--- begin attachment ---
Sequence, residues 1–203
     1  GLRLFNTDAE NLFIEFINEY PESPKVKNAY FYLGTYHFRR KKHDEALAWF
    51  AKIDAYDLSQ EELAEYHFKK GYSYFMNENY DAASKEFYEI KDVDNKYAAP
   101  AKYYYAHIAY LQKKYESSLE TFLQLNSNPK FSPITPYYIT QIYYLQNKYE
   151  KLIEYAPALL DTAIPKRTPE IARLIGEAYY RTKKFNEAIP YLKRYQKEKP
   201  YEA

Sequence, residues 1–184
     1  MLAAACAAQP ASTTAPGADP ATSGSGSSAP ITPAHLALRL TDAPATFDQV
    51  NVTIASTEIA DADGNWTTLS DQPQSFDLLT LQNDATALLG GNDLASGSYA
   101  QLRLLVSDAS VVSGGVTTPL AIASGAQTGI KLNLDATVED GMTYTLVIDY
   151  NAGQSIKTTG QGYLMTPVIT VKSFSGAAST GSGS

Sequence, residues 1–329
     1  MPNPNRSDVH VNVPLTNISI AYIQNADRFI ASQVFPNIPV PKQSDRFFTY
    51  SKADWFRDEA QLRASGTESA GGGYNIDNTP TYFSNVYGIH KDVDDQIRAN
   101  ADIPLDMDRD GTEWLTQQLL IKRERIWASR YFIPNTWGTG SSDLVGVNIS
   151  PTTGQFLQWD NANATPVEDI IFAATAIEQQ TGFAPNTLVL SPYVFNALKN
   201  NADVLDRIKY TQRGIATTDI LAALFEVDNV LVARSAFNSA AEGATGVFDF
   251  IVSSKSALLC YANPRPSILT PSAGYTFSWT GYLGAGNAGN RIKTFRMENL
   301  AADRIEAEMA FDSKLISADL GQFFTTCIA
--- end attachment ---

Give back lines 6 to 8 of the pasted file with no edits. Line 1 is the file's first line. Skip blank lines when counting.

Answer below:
   201  YEA

Sequence, residues 1–184
     1  MLAAACAAQP ASTTAPGADP ATSGSGSSAP ITPAHLALRL TDAPATFDQV